Could a Private-Equity-Backed 'Collective' Offer a Template for Specialty Coffee’s Future?

Could a Private-Equity-Backed 'Collective' Offer a Template for Specialty Coffee’s Future?
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Welcome to the third article in an ongoing series investigating private equity and venture capital in the coffee industry. If you missed them, you can catch up on the first and second parts here. This series has involved so much research and dozens of interviews—if you value this kind of in-depth writing about the coffee industry, please consider becoming a paid subscriber. And now, this:

The specialty coffee movement was built by independent businesses. Beginning in the 1970s—but really taking off around the turn of the century—the third wave of coffee was distinguished from what came before by a focus on quality and a distinctly indie attitude. The trailblazers were generally small roaster-retailers and cafes with no more than a couple locations, driven primarily by one or two passionate founders and catering to loyal local customer bases.

Most grew slowly, relying on word of mouth or Yelp reviews to develop a following. They did so against the odds: Building a coffee business is hard, and it takes a toll. Business owners and workers need to contend with long hours, razor-thin margins, and pressures ranging from changing consumer tastes to the continual expansion of coffee multinationals.

The majority of these businesses stayed small, but a few ambitious founders managed to grow faster and develop a regional or national reputation—think of Intelligentsia, Blue Bottle, and Stumptown. Eventually, they attracted attention from investors and bigger companies eager to capitalise on specialty coffee’s perceived buzz. 

But while big money snapped up a select cadre of the hippest brands, everyone else continued on their slow and steady trajectory, making coffee for their faithful fans—most without considering any real exit strategy.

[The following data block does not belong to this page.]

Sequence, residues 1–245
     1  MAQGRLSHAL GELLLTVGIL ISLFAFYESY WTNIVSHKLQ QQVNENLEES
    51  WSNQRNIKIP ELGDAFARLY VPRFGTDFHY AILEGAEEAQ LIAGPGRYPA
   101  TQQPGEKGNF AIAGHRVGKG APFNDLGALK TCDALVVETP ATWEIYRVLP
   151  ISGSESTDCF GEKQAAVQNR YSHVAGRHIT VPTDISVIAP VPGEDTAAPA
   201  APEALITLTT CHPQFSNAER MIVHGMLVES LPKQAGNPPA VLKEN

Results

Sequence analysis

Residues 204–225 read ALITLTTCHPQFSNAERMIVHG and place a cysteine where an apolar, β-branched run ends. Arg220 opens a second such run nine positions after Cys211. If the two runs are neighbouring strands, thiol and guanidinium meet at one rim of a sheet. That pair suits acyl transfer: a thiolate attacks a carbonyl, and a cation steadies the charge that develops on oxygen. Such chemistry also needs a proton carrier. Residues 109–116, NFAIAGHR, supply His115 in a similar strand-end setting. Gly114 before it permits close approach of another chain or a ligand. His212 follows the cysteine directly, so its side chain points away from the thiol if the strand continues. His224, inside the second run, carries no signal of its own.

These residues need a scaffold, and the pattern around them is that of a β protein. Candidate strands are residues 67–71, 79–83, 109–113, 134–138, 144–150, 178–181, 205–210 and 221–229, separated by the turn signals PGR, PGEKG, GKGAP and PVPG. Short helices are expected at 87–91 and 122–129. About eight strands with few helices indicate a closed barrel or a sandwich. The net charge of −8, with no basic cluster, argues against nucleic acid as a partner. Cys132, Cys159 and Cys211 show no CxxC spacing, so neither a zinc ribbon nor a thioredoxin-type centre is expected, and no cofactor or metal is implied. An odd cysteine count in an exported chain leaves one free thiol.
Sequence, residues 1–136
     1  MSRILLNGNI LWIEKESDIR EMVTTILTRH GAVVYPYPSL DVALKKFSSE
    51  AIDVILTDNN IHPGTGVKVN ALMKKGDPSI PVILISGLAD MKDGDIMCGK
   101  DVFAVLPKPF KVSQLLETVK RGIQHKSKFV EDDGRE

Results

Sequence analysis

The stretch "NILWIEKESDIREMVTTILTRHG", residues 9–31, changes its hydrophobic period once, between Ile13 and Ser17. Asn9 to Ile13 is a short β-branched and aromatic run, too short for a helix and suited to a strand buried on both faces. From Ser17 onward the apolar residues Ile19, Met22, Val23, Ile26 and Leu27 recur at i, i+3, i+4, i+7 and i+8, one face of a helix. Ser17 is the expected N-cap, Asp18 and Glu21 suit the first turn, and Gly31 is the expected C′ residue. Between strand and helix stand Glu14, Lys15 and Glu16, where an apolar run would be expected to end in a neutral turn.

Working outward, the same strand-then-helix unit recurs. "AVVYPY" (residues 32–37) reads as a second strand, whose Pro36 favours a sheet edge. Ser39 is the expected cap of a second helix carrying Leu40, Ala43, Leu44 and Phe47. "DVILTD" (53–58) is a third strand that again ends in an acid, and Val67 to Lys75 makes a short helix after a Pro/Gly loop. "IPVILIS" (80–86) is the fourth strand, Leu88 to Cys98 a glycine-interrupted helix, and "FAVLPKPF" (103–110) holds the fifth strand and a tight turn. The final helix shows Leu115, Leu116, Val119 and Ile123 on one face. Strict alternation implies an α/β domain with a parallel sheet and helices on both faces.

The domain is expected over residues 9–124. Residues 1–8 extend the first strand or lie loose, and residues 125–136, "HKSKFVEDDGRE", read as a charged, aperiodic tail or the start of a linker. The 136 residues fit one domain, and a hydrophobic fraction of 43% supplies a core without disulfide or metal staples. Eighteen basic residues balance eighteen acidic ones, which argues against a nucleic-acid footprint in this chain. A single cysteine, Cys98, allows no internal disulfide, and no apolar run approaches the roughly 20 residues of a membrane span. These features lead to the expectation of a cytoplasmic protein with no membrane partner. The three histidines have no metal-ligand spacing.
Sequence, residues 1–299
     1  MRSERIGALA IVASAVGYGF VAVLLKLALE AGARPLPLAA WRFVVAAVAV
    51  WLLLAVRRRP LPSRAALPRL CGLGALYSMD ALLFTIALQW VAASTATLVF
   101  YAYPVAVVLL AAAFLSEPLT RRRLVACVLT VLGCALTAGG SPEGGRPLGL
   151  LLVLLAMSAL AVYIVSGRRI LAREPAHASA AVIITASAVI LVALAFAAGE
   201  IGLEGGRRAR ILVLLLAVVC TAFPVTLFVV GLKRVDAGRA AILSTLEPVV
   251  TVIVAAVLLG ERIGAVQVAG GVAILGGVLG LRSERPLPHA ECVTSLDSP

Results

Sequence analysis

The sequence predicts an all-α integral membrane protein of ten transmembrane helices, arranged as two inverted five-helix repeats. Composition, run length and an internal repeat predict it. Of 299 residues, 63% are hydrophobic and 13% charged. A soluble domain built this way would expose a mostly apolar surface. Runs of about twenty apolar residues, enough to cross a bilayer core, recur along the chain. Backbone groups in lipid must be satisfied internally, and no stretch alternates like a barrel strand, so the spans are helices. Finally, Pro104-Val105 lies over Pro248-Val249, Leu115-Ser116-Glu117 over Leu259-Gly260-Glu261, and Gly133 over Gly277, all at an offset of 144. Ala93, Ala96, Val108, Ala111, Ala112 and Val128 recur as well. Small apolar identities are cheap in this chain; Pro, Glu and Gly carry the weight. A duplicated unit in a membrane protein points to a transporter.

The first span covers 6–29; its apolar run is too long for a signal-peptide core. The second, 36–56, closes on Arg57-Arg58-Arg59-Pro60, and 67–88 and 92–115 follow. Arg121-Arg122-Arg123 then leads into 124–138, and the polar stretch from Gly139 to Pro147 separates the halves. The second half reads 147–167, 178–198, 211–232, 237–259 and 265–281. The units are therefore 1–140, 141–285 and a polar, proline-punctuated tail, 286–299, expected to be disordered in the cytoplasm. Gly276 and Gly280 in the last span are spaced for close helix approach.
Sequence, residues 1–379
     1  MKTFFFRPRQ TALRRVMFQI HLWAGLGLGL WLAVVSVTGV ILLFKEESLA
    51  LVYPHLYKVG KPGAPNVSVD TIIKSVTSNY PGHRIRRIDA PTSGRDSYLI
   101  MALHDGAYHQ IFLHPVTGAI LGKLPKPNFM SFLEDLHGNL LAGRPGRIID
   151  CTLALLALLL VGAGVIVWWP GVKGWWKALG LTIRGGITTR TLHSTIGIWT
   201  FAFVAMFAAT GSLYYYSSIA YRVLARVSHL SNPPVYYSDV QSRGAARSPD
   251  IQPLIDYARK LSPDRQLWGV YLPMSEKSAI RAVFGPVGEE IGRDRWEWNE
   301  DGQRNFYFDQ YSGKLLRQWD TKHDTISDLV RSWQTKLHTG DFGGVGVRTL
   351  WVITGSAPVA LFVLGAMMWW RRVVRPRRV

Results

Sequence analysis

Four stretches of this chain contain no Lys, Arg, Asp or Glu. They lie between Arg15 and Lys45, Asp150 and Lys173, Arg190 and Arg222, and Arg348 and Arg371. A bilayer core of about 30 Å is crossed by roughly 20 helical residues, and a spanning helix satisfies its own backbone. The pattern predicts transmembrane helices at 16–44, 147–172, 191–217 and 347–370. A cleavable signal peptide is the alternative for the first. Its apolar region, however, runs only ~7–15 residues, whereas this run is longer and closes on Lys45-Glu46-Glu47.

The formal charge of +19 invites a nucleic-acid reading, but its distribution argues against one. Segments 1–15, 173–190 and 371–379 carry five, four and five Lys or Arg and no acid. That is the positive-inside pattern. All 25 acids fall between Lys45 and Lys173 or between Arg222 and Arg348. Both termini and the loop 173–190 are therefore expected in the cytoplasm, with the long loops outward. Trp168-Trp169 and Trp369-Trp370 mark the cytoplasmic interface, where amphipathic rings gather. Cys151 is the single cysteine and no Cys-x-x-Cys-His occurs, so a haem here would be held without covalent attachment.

What if there were a different way—a way for small specialty coffee businesses to unite under one umbrella, and utilise their various assets to benefit the collective? What if there were a kind of investment that didn’t come with ruthless cost-cutting in pursuit of bigger margins, or pumping a company full of money to make it more attractive to even bigger investors? What if growth didn’t have to mean sacrificing the quality- and community-focused ethos of specialty coffee?

That’s the pitch from FairWave Specialty Coffee Collective, a private-equity-backed organisation that has acquired numerous coffee brands across the American Midwest since 2020. The Kansas City-based collective has grown to include 10 companies from across the region, including mini-chains (Messenger Coffee Company, The Roasterie Coffee Company, Spyhouse Coffee Roasters) coffee shops (Black Dog Coffeehouse, Filling Station Coffee), and roaster-retailers (UP Coffee Roasters, Folly Coffee, Anodyne Coffee Roasting Co.), as well as a bakery (Ibis Bakery), and a cold brew manufacturer (Philtera Cold Brew, although it is no longer listed on FairWave’s website and according to Google is permanently closed).

Is FairWave’s model an example of how to combine big outside investment with an ethical, local-focused approach to coffee? Or is it just offering a specialty-branded version of the consolidation that is slowly devouring the coffee industry?